Last year, about this time, I sold the home at 254 Circle Parkway in Williams Bay, up on the tip of Cedar Point. The home was lovely, with newer updates and a marvelous boathouse. That home was listed and sold by me in the span of one day, and on October 30th it closed for full price, $2,595,000. Earlier this year, I listed the home at 246 Circle Parkway. It was a nice enough home, in need of updating, on a similar lot (more frontage) than 254 Circle Parkway. I sold that home a couple of weeks ago for $1,820,000. At the end of July, I listed the home at 250 Circle Parkway, in the middle of the two previously mentioned sales, and within days I had competing bids. Last week, that home sold for $2,775,000. One year, three sales, all adjacent. There is a story here.
And the story isn’t about how I’m grateful to have represented each of these three sellers, though that is indeed the truth and my gratefulness only grows with each successive sale, though it could be supposed that this would not be the case. The story here is about a market, and in this case, a specific market in a specific location on this very specific lake. If the lakefront is its own market, which it is, then Cedar Point Park must be its own market, which is again, true. Further still, Circle Parkway is its own market, and in this, there are these three sales. As fate would have it, I closed each of these, so I know them exceptionally well, and having had the listings on each, I know the way the market responded to each of them. An analysis follows.
254 Circle was listed and within moments I had two competing bids. As is often my way when negotiating with two bids, I singled out the bid that appeared to me to be the most viable and negotiated that one quickly. This way, if that bid doesn’t come to contract, I still have the other bid to negotiate. If I try to press both bids, I risk losing them both. In this case, I negotiated quickly with one bid and it stuck. This home was very nice, and the sellers had completed numerous meaningful and impressive upgrades, but the home needed some bathroom and kitchen renovation, and in that, the price was capped. $2,595,000 cash closing was the result of appropriate pricing and swift negotiating. The sale made sense.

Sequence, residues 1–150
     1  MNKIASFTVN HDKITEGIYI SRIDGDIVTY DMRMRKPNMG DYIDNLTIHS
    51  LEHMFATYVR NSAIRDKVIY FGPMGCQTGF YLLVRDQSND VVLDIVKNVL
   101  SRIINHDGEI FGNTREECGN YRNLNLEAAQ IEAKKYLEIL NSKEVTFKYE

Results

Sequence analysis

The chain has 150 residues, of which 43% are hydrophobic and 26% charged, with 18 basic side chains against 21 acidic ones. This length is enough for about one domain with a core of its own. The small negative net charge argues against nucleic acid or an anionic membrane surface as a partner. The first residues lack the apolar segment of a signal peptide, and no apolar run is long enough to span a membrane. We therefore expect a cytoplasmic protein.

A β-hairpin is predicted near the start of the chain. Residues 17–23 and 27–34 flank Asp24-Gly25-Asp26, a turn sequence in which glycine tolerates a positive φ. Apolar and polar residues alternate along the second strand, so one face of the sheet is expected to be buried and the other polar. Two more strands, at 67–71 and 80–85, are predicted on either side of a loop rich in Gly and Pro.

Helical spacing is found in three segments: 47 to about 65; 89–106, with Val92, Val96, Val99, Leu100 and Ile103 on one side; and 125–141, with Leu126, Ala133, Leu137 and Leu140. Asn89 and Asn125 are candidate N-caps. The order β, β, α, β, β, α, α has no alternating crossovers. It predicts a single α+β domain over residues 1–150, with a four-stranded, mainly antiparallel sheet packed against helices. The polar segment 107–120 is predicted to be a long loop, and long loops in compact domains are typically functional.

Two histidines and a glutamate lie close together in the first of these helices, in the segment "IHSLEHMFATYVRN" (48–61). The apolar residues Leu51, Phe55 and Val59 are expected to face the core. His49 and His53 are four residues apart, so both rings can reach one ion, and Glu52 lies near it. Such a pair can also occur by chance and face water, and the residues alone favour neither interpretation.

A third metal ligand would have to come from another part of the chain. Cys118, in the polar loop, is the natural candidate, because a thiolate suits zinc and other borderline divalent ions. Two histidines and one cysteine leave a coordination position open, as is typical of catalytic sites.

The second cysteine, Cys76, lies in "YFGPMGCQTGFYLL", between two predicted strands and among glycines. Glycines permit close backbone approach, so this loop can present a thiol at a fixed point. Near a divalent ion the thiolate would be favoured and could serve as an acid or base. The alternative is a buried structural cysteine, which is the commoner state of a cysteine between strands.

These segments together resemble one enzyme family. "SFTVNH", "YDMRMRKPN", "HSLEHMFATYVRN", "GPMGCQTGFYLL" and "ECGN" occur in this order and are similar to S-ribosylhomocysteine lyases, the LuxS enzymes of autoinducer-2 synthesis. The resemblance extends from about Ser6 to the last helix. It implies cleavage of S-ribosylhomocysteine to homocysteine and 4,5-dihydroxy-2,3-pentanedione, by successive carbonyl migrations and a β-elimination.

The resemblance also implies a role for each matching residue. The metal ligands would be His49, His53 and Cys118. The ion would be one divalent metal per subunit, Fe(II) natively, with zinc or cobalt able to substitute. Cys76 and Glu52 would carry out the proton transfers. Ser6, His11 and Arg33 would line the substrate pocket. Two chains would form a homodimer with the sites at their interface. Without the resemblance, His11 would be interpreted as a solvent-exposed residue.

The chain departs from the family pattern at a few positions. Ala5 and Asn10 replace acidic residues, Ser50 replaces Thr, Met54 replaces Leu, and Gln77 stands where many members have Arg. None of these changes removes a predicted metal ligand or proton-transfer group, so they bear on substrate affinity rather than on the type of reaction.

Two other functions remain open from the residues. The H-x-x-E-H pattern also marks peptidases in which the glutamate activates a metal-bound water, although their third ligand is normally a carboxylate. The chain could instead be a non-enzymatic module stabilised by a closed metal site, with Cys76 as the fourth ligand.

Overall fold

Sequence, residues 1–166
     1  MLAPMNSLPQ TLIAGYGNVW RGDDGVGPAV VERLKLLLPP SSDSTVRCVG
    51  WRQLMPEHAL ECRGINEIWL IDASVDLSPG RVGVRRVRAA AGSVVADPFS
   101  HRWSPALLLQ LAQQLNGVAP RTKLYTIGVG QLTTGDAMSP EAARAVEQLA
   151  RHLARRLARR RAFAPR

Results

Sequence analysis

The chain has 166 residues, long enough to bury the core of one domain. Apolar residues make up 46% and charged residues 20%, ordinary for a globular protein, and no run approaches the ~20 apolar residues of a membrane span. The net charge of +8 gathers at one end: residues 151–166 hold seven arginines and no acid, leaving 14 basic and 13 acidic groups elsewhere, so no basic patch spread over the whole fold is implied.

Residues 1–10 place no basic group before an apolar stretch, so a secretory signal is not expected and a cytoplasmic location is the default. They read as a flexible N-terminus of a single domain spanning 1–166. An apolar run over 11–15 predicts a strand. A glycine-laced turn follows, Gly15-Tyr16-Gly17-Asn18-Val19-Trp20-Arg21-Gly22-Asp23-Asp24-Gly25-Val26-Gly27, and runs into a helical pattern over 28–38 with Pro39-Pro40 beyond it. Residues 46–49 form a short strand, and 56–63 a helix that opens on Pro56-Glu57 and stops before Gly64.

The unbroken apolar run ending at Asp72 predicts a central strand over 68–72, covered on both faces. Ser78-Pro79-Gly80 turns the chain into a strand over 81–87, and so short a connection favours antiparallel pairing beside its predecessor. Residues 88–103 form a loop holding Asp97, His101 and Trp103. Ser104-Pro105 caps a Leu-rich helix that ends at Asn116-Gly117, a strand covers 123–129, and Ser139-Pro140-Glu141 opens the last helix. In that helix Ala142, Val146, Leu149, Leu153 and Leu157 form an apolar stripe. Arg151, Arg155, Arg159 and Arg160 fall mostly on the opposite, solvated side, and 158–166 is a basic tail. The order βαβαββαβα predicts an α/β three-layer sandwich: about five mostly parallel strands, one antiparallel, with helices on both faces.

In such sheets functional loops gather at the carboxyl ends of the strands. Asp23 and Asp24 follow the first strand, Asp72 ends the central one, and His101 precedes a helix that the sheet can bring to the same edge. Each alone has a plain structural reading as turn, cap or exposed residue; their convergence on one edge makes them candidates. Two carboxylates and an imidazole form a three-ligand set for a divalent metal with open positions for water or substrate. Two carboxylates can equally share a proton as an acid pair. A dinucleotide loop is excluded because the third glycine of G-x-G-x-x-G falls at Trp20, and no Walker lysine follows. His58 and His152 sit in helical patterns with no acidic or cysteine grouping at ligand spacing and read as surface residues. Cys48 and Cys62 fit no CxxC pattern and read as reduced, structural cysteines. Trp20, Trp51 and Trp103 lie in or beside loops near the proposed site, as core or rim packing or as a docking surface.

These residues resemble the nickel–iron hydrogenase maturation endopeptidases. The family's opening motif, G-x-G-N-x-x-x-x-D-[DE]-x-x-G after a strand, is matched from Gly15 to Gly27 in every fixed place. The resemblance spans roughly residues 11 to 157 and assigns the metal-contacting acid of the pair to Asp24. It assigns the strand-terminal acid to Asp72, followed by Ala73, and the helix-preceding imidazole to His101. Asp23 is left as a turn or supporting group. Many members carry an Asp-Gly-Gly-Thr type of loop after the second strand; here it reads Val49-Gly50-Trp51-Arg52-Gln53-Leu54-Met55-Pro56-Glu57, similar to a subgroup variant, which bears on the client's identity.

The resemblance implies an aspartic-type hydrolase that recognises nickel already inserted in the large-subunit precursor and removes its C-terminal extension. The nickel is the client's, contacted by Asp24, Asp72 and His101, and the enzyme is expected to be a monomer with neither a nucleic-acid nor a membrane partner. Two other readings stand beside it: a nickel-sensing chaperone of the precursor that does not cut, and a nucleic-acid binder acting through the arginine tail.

246 Circle was listed late this past spring, at a price that was easily defined as aggressive. The property was nice, the view divine, the pier recently expanded and improved. But the home itself was basic and needed some level of updating. By my eye, the property was full of opportunity, yet the market, in spite of a quick initial bid, wasn’t as easily convinced. Even as a spec home on a 60′ lot (considerably narrower lakefront than 246) hit the market in the high $4MMs, this home sat. Soon enough, a lakefront buyer with long term goals took aim and purchased the property. $1,820,000 was the price paid this fall, and that sale made complete and lasting sense.
250 Circle, in the middle of the two, was updated. Marvelously, so. New windows, new siding, new this and new that. Nearly everything, new. Perfect landscaping. A perfect view. Perfect cottage style. The owners know perfection, and having traded through many Lake Geneva homes over the years, they know how to execute it. This property came to market and quickly fielded two offers. As with the 254 sale, we pursued the sale that offered us the preferred set of terms, which, unknown to many buyers, include things other than price. Timing. Contingencies. These matter, often times, as much as price. When 250 closed last week for $2,775,000 (and pushed me over $40,000,000 in closings for 2019), the sale made thorough sense.
Three sales. One street. One year. This is the way a market should work. One home wasn’t renovated at all, and it sold for $1,820,000. One home was mostly renovated, it sold for $2,595,000. The other property was entirely renovated, and it sold for $2,775,000. Often times Lake Geneva doesn’t make sense. Homes come to market in $2MM neighborhoods and find buyers in the $4MMs. This doesn’t make sense to me, and in fact, assaults my sensibilities. The way a real estate market should function, even a market within a market within a market, as is the case on Circle Parkway, is to find a baseline and adjust the value from there. Where this falls apart, at least to me, is when new construction is involved. Buyers are wildly overpaying for new, and as long as that trend continues, expect instances like a fully functioning, fully pragmatic, market like 246-254 Circle Parkway to become increasingly rare.